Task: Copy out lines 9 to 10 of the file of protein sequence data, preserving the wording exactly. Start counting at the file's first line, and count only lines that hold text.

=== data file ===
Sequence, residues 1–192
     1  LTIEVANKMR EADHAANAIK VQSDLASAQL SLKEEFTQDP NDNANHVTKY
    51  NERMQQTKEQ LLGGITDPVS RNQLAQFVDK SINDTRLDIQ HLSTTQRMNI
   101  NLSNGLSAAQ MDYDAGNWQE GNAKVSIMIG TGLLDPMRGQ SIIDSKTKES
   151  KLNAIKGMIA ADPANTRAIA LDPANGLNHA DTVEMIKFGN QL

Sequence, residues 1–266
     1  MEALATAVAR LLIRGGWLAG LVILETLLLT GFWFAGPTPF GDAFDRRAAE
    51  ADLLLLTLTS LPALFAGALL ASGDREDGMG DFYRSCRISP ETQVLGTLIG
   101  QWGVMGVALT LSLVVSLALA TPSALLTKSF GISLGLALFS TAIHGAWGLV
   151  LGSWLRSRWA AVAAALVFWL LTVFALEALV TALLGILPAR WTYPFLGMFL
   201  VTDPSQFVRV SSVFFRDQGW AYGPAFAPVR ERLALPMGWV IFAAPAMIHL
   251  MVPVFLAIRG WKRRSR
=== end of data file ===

   101  QWGVMGVALT LSLVVSLALA TPSALLTKSF GISLGLALFS TAIHGAWGLV
   151  LGSWLRSRWA AVAAALVFWL LTVFALEALV TALLGILPAR WTYPFLGMFL